Despite there having been several positive reviews of the Hitchhiker’s Guide To The Galaxy movie before his, MJ Simpson’s vitriolic slamming has been getting more linkage than all the rest combined. This is mainly because, as someone who wrote a book about Douglas Adams, it’s generally considered that he should know what he’s talking about. (Oh, and also because it fulfils all the “I knew they’d screw it up!” paranoia which so many fans seem to treasure.)
To redress the balance somewhat from the only negative review that’s appeared, here are some slightly-more-positive ones:
I loved it. (I clearly saw a different film to Mike Simpson!) Douglas’s family were there and everyone was delighted with the outcome. Imagine you’ve never heard / read / seen any other version of HHGG. You’re all in for a treat – so long as you keep an open mind.
[…] I can tell you that I thought the film was a glorious shambling tribute to the work of Adams, a beautifully realized vision filled to the brim with quirky performances and hilarious details. It’s almost shockingly eccentric and manages to stay very faithful to the spirit of all the previous incarnations of the story while also contributing some fascinating new ideas to the overall mythos.
I would have difficulties to understand someone who says that he’s a Hitchhiker’s fan and hates the movie. This is certainly the best movie we could hope for.
From now on, I’m a great fan of Garth Jennings and Nick Goldsmith. They really deserve all our respect.
Bearing in mind all the way that this was a rough cut of the movie, with not all the FX finished and the music score not all there, I have never seen anything quite like it, and nothing springs to mind to compare it with. Did I like it? Yes I did, very much. Did I laugh? Oh, yes indeed I did. Very much so.
What some people might be expecting is a version of the radio or TV series with better effects, and those people will be disappointed if that’s all they want. What we do get is a film which still contains a large amount of Douglas’ words but which, more importantly, recognises that film is a visual medium and not radio with pictures. It somehow manages to do the kinds of things with pictures that Douglas did with words in the Radio series and books.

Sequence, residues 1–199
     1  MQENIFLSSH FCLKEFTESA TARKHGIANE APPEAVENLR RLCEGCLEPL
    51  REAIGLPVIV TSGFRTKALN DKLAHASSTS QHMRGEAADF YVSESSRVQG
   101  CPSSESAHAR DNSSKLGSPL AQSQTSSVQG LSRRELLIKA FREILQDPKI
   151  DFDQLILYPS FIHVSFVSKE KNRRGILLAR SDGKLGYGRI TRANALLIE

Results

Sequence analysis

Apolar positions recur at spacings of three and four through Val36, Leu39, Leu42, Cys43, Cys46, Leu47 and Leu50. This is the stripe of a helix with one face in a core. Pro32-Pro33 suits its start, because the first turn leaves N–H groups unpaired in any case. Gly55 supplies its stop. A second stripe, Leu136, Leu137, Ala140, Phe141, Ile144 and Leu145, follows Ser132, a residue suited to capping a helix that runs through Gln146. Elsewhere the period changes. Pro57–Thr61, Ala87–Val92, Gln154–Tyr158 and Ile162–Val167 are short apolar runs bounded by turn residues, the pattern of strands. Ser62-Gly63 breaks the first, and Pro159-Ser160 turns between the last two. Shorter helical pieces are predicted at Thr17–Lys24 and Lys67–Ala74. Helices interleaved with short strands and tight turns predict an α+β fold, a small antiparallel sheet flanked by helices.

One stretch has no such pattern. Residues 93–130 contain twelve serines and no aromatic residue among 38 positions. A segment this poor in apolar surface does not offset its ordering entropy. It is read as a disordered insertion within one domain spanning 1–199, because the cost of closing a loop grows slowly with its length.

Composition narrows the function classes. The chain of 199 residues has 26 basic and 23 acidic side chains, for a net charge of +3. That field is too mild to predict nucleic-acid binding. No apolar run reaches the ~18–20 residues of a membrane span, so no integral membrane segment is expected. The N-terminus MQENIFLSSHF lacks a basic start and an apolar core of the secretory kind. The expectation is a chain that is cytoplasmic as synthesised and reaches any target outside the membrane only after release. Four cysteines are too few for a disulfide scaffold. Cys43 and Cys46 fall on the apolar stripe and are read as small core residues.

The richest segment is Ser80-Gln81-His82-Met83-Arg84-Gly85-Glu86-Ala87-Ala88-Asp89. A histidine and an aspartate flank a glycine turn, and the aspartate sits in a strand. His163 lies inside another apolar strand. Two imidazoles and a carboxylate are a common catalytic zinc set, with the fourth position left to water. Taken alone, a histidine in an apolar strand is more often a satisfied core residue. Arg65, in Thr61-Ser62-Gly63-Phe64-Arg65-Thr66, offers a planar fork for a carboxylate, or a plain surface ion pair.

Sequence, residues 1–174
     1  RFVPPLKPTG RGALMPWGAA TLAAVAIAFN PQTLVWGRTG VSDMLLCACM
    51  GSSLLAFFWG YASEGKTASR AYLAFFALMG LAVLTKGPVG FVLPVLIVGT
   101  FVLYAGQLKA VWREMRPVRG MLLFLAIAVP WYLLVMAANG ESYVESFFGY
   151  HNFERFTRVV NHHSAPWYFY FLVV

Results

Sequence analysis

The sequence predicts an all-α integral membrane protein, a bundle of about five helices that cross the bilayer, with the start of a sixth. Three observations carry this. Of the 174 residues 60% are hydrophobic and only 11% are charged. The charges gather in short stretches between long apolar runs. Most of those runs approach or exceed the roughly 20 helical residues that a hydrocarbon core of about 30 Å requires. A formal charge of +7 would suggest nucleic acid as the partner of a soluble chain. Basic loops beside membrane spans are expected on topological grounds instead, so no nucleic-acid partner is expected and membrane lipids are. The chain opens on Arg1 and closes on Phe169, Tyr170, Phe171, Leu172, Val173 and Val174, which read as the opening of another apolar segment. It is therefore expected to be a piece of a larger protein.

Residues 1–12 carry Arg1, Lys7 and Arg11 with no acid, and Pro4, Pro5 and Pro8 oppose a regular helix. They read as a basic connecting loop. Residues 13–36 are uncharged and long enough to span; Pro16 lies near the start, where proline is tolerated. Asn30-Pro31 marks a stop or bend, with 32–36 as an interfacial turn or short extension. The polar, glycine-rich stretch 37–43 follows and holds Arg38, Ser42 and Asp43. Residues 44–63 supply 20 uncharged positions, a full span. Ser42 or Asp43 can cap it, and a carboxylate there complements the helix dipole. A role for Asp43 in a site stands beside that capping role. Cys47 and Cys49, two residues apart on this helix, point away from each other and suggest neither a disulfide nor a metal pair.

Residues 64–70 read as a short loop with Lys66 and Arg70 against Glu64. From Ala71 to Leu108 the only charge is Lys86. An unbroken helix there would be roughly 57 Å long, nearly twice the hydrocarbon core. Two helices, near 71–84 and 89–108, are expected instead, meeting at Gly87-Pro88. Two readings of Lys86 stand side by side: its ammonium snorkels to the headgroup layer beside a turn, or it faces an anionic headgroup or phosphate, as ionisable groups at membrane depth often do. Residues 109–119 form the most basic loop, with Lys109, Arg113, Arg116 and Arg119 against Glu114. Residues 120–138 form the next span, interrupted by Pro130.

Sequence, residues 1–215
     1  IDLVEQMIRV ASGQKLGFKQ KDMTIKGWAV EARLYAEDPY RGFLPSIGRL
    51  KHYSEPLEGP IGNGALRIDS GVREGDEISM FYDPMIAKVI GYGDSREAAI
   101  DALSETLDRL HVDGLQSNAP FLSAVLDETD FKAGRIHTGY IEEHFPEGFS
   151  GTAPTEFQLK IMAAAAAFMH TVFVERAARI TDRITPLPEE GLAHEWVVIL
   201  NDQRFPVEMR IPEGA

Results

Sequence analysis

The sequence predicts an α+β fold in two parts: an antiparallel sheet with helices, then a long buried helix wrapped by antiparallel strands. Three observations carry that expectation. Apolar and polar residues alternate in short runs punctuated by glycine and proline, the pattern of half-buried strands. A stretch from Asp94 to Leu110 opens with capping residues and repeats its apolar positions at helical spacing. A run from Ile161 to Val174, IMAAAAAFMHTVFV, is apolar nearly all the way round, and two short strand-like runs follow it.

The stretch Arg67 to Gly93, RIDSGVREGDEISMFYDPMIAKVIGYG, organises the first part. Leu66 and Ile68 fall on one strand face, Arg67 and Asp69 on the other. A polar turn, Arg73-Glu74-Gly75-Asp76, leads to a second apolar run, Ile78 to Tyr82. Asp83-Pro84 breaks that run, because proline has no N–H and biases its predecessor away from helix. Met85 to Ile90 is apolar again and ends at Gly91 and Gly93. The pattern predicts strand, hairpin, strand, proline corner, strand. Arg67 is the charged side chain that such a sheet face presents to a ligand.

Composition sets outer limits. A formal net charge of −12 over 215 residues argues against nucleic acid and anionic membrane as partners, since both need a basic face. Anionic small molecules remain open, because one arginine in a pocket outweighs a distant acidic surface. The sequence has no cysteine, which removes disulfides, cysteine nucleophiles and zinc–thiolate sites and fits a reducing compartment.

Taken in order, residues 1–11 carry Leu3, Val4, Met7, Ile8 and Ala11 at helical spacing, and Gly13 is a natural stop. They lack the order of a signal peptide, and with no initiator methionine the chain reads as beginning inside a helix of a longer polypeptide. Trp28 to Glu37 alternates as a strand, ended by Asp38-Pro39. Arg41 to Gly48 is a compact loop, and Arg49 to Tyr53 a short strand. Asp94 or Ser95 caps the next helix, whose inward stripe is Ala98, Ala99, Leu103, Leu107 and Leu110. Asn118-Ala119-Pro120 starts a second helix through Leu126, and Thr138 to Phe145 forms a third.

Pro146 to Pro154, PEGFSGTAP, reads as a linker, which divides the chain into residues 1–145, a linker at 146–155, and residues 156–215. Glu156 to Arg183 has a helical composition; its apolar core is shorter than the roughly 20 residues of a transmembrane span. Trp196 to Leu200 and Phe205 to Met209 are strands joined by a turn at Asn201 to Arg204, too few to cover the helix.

Today I saw the movie for the second time, and once again I find myself coming to the conclusion that I must have been shown a different movie to the one that MJ Simpson saw. Having twice been in a cinema full of people who were laughing all the way through at the movie (and these are British people, for crying out loud!), and then reading that the movie is “staggeringly unfunny” leaves me somewhat confused. Partly because I heard all those people laughing myself with my own ears, but mainly because I loved the film.
If you want a damn fine Hitchhiker’s movie, something that you as a fan (and hence contributor to the original success of Hitchhiker) can be bloody proud of, and something that your non-fan friends will enjoy and finally understand what you’ve been going on about for the last twenty-something years, then this is it.
(Disclaimer: Sean, Tim, Jim and I have been tangentially involved in various stages of the movie’s production and publicity. We’ve also been massive Hitchhiker’s fans since we were young, and have worshipped practically everything Douglas ever wrote. So our perceptions are somewhat coloured.)
And me? Take a wild guess. But in order to redress the balance somewhat the other way, I’m going to make an effort to be as critical as I can:
- A couple of the gags are corny.
- While the four main stars are great, a couple of the other performances don’t work quite as well.
- A couple of bits are rather rushed.
- A couple of my favourite lines are missing.
- That’s it.
(And until I get the chance to think things through and write a proper review, that’s about all you’re getting from me.)
If you’re the kind of Hitchhiker’s fan who’s going to turn up with a checklist and base your opinion on a final total at the bottom then you might not enjoy it. On the other hand, if you’re a fan who realises how different each version of the story has been and who wants to see Hitchhiker’s performed with the kind of visuals (and more importantly, the kind of utterly stunning production design) it deserves, and who, most importantly, wants to see a good new movie, I think you’ll love it too.
To finish, a favourite old quote:
I loved the film of 2001, saw it six times and read the book twice. And then I read a book called The Lost Worlds of 2001
in which Clarke chronicles the disagreements between himself and
Kubrick – he goes through all the ideas left by the wayside, “Look at
this idea he left out, and this idea!”, and at the end of the book one
has an intense admiration for Kubrick.
… from Neil Gaiman’s Don’t Panic, as spoken by Douglas Adams.